Everything you need to know about MTD and how having a bookkeeper helps.

Making Tax Digital (or MTD) is part of HMRC’s ongoing initiative that has been underway since April 2019 to digitalise the UK tax system. Currently, MTD is focused on VAT submission but is set to grow to include other types of tax, such as Income Tax and Corporation Tax. The most immediate of these extensions is coming up soon, when in April 2022, the current MTD VAT will become extended to include businesses.

So, what is MTD? When and how will MTD affect your business? And how should you go about paying it? We have all the answers. Getting in touch with your nearest Rosemary Bookkeeping business lets you directly contact your local bookkeeping experts, who will help support you with any bookkeeping query.

We’ve also put together a post to answer all of your most burning questions on MTD. Starting with:

What is MTD?

MTD has two core components:

  1. Replacement of paper-based records and a requirement for businesses and organisations (including those with property-based incomes) to keep digital accounting records.
  2. Using compatible software to submit tax returns and updates to HMRC – The government will be removing their current online tax services when a business registers for MTD and will require businesses and organisations to use software compliant with their API (Application Program Interfaces) to submit relevant updates and returns to HMRC instead.

MTD Timeline

  • 1st April 2019: MTD has been in place since this date for the majority of VAT-registered businesses that are above the tax threshold of an £85’000 turnover or above. These included partnerships, sole traders, limited companies, non-UK businesses registered for UK VAT, and charities and trusts.
  • 1st October 2019: There was a six-month deferred start date for more complex businesses.
  • 1st April 2022: MTD will be mandatory for all VAT-registered businesses and organisations.
  • April 2024: MTD will become mandatory for Income Tax Self-Assessment (ITSA) for those who are self-employed and/or with a property-based income if they have self-employment and/or gross rental income of over £10’000.
  • April 2025: MTD ISTA becomes mandatory for general partnerships. Meaning it will now apply to corporate or ‘non-natural’ and non-limited liability partnerships with a turnover above the £10’000 threshold.

The immediate changes and how they affect your business

If, before April 2022, you were not already under the current MTD legislation, you will be required to sign up to MTD, keep digital records of VAT and submit this information to HMRC through an MTD compatible software.

It’s important to note that if your business has received an MTD exemption, this will still be in effect beyond 1st April 2022. To check if you are eligible, or apply for exemption from MTD, you can find guidance on how to do so via the HMRC website. If you’re concerned about the impact of MTD on your business, you can read more about its effects here.

MTD’s benefits:

  • It can reduce or even eliminate paper-based or manual tax processes. This allows you greater accuracy in tax returns, reduces the time you spend on administration, and gives you more time to maximise your business opportunities, productivity and profitability.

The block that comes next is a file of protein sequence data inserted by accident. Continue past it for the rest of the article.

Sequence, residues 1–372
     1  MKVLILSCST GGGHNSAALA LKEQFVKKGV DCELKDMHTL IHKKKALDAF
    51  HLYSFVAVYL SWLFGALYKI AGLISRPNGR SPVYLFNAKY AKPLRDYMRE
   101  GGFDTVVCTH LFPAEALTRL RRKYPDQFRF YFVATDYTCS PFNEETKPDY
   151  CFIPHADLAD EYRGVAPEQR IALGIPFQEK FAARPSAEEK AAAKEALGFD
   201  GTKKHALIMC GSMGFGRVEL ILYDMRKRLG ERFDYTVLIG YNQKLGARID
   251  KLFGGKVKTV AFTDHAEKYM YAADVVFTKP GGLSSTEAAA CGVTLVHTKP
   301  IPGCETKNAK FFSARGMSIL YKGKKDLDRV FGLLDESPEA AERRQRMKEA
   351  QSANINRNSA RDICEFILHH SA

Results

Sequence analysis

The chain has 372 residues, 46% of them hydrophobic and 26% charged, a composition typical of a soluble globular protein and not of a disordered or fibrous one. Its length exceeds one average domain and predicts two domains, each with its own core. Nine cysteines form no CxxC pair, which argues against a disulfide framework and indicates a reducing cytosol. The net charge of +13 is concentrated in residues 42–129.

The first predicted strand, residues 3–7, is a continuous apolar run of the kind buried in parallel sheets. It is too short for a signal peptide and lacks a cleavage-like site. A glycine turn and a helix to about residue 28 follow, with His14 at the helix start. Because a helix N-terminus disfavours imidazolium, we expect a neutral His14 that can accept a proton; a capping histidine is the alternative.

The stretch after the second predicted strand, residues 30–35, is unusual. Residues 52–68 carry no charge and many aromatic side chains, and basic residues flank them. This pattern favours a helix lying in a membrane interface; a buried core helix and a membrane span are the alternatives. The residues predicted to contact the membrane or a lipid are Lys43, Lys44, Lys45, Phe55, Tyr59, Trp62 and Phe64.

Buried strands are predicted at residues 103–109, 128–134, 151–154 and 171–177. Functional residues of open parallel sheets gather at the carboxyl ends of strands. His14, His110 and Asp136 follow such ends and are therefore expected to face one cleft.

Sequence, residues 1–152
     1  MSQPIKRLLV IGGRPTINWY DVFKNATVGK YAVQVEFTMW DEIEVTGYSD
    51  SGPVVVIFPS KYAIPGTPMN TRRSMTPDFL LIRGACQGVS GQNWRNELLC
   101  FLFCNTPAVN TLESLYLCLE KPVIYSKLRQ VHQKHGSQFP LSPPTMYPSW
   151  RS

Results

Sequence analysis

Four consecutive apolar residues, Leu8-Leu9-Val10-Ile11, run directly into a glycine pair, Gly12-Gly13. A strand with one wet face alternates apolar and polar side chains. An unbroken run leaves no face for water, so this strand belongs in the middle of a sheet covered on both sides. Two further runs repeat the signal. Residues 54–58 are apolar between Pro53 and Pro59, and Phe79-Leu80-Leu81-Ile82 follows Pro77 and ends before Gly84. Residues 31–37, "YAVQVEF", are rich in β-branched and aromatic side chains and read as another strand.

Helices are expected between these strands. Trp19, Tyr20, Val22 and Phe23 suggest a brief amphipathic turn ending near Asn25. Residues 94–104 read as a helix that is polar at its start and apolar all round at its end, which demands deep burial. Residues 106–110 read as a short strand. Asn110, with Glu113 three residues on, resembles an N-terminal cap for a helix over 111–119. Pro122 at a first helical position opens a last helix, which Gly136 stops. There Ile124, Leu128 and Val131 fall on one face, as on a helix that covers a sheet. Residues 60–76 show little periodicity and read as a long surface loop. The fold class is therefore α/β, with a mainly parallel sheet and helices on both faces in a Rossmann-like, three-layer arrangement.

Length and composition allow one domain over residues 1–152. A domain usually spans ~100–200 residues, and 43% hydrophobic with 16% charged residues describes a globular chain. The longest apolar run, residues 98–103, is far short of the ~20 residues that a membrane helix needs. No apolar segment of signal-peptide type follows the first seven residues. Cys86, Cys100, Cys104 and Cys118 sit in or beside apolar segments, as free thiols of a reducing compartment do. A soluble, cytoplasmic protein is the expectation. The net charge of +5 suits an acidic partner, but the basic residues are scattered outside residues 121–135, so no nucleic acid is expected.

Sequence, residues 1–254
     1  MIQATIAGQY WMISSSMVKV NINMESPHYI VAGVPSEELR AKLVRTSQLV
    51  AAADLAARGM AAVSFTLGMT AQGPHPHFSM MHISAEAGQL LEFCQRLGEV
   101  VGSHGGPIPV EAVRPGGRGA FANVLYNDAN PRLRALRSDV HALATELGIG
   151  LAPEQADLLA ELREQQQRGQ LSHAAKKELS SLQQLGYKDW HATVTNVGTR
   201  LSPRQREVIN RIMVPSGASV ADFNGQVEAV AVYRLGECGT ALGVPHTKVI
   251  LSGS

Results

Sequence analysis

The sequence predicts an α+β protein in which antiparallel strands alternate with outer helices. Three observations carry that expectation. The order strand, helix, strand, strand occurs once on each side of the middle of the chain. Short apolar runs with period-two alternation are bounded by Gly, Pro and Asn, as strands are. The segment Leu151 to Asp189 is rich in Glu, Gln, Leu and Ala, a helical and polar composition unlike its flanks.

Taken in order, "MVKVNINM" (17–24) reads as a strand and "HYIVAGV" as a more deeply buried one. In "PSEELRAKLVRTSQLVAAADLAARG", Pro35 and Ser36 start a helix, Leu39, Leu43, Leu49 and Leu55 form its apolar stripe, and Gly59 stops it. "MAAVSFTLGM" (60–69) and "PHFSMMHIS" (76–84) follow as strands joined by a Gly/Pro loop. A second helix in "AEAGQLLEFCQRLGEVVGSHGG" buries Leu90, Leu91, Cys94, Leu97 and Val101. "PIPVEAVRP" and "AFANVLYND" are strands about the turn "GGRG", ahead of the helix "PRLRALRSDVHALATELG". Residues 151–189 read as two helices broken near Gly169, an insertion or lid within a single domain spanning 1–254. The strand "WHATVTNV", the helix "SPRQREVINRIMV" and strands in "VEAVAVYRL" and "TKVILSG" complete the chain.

• In the case that you opt to use cloud-based software, you’ll be able to see in real-time what is happening in your books and have better control over your finances, allowing you to up-to-date and well-informed business decisions.
  • Using compliant digital software means that submitting information to HMRC is far simpler and less stressful.
  • Some accounting software link directly with your bank account, further reducing the ‘paperwork’ and time spent filing taxes.
  • Digital software provides you with real-time management information so you can see how your business is performing.

So, if you have not already done so, you need to start weighing your options for MTD compliant software.

How Rosemary Bookkeeping can help

We understand that making the jump to digital can be scary and daunting. But, it’s not as costly or difficult as it seems – especially with the help of an expert bookkeeping service like Rosemary Bookkeeping. The benefit of changing to MTD in April 2022 is that everybody else has already had around three years of experience working with it.

With a professional bookkeeper from Rosemary Bookkeeping to help you, making your tax digital is a very simple process. We have been operating MTD for VAT submissions since its inception in 2019 and know its processes inside and out. Going digital may be a scary prospect, but by using a bookkeeper, your tax may be going digital, but your bookkeeping experience isn’t. We will assist however you need to get accustomed to the software, or simply do the work for you and make the process of sending returns to HMRC straightforward. We will also send generated returns directly from the software so that you have a well-kept and organised backlog of your records.

The main drawback of digital services like Xero and QuickBooks is that they depend on your own financial knowledge and ability to work through MTD yourself. Our bookkeeping experts are trained to work digitally using MTD compliant software like Xero and QuickBooks and Sage, but are a real-life human presence that can reassure and guide you through the process, so you’re not going it alone. As Rosemary Bookkeeping is well-versed in MTD and online services, we can also offer advice on which software would be best for you, and often offer competitive prices for software subscriptions.